In the comments announced today, supporting HUD’s plan to reinstate the 2013 rule, the coalition notes that the U.S. has a “shameful history of engaging in discrimination related to housing.” Even passage of the FHA in 1968, with its ban on overtly discriminatory housing polices, could not wipe away a “legacy of racism and segregation,” the letter observes.

Regardless of any changes in federal rules, New Jersey’s Law Against Discrimination (LAD) prohibits conduct that is intended to treat people differently based on their membership in a protected class (disparate treatment) as well as policies and practices that disproportionately affect those in a protected class, even when the policies and practices are neutral on their face and are not intended to discriminate (disparate impact). The following fact sheets from the Division on Civil Rights contain more information on the LAD’s protections against housing discrimination and bias-based harassment:

Anyone who believes their fair housing rights have been violated can file a complaint with DCR by visiting njcivilrights.gov or calling 1-833-NJDCR4U (833-653-2748).

The New York State Attorney General has led her colleagues in previous efforts to stop Trump Republicans from dismantling housing safeguards.

The new proposal would result in the eviction of thousands of families, including many children and lawful residents and citizens, who rely on housing assistance for their homes. If enacted, the Proposed Rule would harm the States, their residents, their local economies, and public health. The coalition was co-led by New York and the District of Columbia.

“If this rule is enacted, the Trump Administration will once again be tearing families apart, and this time, it won’t be at the border, but in our communities,” said Attorney General Letitia James. “Threatening to evict tens of thousands of children from their homes and put them on the streets is despicable and reverses decades of standard, well-reasoned federal policy. We will not sit idly by as this administration continues to launch these discriminatory attacks against immigrants and penalize those states that welcome them.”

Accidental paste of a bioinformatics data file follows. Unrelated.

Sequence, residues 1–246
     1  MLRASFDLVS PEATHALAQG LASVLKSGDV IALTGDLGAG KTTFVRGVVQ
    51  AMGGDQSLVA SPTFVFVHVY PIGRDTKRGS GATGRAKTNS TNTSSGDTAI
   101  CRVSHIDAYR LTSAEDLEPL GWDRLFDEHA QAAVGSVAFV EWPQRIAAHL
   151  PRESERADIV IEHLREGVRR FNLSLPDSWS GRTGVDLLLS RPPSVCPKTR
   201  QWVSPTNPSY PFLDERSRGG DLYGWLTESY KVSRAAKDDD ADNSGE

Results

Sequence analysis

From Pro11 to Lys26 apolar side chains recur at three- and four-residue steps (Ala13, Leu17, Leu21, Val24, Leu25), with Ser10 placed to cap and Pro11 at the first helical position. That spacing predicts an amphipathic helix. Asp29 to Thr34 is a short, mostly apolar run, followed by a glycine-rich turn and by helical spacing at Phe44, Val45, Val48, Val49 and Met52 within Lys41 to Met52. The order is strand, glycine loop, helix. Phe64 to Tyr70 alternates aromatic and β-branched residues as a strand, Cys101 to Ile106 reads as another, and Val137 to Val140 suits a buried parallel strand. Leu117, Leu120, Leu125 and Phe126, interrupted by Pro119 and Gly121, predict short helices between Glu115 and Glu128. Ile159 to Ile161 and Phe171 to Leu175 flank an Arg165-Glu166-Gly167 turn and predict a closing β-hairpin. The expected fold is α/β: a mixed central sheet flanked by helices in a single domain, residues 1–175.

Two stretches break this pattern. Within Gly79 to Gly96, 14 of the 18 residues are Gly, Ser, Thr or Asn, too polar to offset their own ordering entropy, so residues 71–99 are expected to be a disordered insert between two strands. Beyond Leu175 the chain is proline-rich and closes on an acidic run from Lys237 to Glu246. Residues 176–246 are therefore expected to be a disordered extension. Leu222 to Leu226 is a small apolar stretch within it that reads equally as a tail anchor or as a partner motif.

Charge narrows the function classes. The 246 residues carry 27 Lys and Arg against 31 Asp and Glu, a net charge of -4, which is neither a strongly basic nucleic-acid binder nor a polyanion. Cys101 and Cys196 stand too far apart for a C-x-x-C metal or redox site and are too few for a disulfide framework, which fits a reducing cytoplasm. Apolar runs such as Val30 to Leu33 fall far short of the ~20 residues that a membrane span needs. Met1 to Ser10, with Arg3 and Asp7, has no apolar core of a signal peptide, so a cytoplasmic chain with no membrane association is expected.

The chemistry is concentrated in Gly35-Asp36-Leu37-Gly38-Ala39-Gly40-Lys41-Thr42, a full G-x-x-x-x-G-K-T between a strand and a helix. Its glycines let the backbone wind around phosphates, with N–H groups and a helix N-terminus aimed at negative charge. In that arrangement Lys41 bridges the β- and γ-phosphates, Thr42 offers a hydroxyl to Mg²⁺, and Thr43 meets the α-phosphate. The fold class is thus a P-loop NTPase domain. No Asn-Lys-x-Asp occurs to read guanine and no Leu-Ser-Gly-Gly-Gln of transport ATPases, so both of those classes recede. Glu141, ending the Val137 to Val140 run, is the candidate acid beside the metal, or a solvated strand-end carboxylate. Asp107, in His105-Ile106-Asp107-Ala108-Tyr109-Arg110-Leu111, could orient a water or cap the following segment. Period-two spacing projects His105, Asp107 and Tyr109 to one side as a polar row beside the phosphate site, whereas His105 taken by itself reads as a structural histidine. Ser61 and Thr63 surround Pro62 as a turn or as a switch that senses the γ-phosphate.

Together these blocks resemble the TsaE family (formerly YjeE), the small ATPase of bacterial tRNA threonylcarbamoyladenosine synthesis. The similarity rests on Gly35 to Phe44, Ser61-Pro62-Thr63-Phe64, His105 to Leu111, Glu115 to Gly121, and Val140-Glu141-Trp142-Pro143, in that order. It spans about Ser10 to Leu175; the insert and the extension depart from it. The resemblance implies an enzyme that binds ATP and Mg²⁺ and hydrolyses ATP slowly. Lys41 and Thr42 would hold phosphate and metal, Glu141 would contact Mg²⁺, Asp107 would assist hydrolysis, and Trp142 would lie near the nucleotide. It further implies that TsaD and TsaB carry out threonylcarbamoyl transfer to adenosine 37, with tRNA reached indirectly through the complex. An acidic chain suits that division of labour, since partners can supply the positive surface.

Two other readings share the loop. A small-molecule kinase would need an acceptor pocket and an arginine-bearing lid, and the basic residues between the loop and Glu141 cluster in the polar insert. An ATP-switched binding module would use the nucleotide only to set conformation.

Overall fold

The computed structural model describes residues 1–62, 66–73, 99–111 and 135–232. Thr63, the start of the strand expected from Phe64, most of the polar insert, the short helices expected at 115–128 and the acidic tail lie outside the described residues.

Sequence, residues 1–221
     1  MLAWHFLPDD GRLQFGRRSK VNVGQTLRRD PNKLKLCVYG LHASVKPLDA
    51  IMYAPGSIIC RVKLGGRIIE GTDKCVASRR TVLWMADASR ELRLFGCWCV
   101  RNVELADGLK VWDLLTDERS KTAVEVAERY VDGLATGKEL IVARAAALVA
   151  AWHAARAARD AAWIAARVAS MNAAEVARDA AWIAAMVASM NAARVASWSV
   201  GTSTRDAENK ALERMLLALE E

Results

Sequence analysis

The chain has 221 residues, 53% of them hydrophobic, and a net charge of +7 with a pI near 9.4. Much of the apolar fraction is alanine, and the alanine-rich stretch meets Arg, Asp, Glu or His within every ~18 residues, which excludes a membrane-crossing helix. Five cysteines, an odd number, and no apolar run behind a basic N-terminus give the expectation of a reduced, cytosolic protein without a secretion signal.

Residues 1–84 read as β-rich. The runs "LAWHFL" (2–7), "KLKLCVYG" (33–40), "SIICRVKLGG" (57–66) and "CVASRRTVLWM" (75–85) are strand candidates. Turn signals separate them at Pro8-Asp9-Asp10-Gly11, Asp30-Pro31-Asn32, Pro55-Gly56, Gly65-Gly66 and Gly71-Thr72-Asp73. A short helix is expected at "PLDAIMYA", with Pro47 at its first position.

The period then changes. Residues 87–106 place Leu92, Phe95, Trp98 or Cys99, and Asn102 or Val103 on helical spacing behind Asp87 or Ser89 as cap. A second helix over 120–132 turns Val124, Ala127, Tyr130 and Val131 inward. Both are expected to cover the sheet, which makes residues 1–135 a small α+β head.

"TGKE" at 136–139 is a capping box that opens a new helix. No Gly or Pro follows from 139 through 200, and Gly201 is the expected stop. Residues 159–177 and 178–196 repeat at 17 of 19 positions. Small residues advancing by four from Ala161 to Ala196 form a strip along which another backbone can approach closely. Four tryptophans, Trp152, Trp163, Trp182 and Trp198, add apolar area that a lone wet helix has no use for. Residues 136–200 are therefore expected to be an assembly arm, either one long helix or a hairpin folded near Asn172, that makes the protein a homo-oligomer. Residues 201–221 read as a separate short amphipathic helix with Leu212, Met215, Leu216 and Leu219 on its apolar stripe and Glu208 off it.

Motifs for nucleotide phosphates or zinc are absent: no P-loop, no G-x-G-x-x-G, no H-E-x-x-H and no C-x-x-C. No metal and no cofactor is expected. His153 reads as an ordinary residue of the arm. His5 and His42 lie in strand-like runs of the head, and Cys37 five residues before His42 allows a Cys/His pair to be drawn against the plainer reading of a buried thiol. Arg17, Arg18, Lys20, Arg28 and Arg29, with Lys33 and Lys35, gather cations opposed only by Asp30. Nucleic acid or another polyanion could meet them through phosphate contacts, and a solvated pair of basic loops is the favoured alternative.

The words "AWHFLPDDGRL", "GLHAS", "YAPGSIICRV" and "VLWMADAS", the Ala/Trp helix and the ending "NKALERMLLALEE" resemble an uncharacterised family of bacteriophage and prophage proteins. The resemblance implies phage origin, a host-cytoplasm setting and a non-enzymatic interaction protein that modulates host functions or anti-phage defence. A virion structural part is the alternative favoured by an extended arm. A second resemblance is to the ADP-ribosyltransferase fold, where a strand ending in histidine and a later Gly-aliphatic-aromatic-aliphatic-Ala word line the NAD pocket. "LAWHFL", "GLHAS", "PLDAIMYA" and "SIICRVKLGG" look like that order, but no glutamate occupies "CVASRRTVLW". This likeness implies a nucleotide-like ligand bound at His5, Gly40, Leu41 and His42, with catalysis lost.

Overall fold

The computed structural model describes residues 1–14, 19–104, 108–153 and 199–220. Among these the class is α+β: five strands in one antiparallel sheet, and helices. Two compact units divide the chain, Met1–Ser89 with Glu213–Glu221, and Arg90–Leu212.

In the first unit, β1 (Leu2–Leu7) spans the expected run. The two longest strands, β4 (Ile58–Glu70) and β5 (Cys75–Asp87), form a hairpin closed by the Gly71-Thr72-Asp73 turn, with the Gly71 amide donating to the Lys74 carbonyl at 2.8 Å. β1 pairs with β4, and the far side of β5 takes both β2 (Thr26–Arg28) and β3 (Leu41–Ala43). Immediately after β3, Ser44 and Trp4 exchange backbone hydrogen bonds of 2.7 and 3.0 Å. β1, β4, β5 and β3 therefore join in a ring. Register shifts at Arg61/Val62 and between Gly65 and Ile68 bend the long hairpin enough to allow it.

For more than 30 years, laws governing public housing and HUD rules have prioritized family unity and the preservation of the family unit. Accordingly, the law has for decades allowed families with mixed immigration status to receive public housing subsidies, so long as ineligible family members did not themselves receive any financial subsidies.

The new proposal, announced in April 2019, would prohibit family members who are undocumented from residing in their homes. In many cases, the eligible family members are children, and these minors would not be able to live without their parents, resulting in the effective eviction of entire families.

As HUD’s own analysis concludes, the Proposed Rule would eliminate housing assistance for more than 108,000 people, including at least 55,000 children, many of whom are U.S. citizens or otherwise eligible for housing assistance. In New York alone, it is estimated that more than 11,400 people would be impacted, at least half of them being children.

In the comment letter submitted today, the attorneys general argue that this substantial loss of housing benefits will also cause significant economic and social harms to the States, including greater homelessness, reduced productivity, and a higher incidence of significant health problems.

States will have to bear significant administrative and social benefit costs if the rule goes into effect. Private housing providers will be far less likely to participate in subsidized housing programs, leaving States to find additional affordable housing options and to plan for increased rates of evictions and homelessness.

Joining New York Attorney General James and District of Columbia Attorney General Racine in submitting the comment letter are the Attorneys General of California, Colorado, Connecticut, Delaware, Hawaii, Illinois, Iowa, Maine, Maryland, Massachusetts, Michigan, Minnesota, Nevada, New Jersey, New Mexico, Oregon, Pennsylvania, Rhode Island, Vermont, Virginia, and Washington.